This article was first featured in Straight Six January 2017 and can be found in the members’ area by clicking HERE. Did you know we had all issues of Straight Six available online back to 2013? Read them HERE.
As you can imagine, given my day job, I’ve been lucky enough to drive many different BMWs, from racing Batmobiles to rare Alpinas and lightweight ///M specials, and most production variations in between. But one car – in fact you could call it the car – has always eluded me. The most expensive, almost certainly the most beautiful, and possibly the rarest. A car for which the word iconic – for once – is more than appropriate, a BMW that rises above passing fashions for retro cool and remains embedded in the minds of connoisseurs and collectors as a true masterpiece, a car who’s elegance may never be surpassed, a car… oh you get the idea. We are, of course, talking about the BMW 507.
So today you find me living out a fantasy. This clear, warm, sunny winter’s morning, I’m behind the wheel of this fabulous automobile, sweeping round the gentle cliff top curves of the Basse Corniche heading for Monte Carlo, Mantovani gently wafting from the speaker, mixing with the laughter of my blonde, supermodel passenger. The sparkling azure Mediterranean Sea stretches before me, like a jewel set amongst the craggy rocks and Umbrella pines, glinting in the sun. We slow down for an obstacle ahead. It’s a Tesco delivery van.
Oh OK, so we are in Chelwood Gate, not Nice. And the radio doesn’t work. My passenger isn’t a blond supermodel. It’s James, the technician. We’re not headed for Monte; in fact we are road testing the 507 as the final point on the job card, before signing off and returning the car to BMW, fixed and ready for press duty. But it is sunny and warm, and the 507 has a magical quality, the ability to transport you to your dream road, the car’s flowing curves and art deco embellishments reflecting a bygone age of Grace Kelly-era glamour, exotic parties on wooden yachts with servants in crisp, white uniforms. Even on a winter’s morning in Sussex. And I’m not exaggerating.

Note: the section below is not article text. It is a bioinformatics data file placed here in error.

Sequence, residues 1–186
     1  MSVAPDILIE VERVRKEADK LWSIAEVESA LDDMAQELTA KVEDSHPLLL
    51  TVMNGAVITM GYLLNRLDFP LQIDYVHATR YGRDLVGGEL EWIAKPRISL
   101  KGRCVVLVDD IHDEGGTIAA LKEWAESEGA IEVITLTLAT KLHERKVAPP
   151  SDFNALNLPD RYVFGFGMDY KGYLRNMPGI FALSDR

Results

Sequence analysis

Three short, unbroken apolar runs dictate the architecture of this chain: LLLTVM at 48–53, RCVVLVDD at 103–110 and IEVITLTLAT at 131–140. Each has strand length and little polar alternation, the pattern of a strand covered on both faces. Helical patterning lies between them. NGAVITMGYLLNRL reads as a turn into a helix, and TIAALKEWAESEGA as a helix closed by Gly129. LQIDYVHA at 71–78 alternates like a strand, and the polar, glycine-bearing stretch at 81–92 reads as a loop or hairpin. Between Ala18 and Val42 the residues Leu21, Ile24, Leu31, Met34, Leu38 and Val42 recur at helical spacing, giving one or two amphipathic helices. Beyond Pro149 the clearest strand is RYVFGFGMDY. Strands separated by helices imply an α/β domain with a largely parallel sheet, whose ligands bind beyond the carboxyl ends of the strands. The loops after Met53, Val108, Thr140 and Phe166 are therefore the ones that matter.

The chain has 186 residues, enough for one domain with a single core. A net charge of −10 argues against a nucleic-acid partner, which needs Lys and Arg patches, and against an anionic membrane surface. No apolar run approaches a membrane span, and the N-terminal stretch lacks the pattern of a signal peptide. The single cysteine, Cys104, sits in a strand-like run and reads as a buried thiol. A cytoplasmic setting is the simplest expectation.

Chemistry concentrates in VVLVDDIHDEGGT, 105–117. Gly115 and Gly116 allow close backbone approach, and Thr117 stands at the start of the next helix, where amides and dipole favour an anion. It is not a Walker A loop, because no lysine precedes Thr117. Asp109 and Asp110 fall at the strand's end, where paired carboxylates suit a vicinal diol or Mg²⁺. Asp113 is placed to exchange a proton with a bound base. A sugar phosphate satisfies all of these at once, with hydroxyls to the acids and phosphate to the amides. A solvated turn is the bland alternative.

The 507 is without doubt the most wonderful car, which captivates everyone who lays eyes on it. I try to ignore the astronomical price tag attached to this piece of BMW history – somewhere between 2-3 million by some estimates – but suddenly every oncoming vehicle presents a risk, and I’m super conscious of every action, from changing gear to indicating, listening intently to the engine noise for any sign of trouble. The noise of the 3.2 litre V8 is fabulously smooth – this is not studio produced sound – and while this is no supercar – in fact the engine note has little relativity to forward motion – the 507 was never trying to be about speed. The 507 is about class, elegance, style, exclusivity. Never mind the engine, I’m purring like a Persian cat as we cruise the Ashdown Forest roads.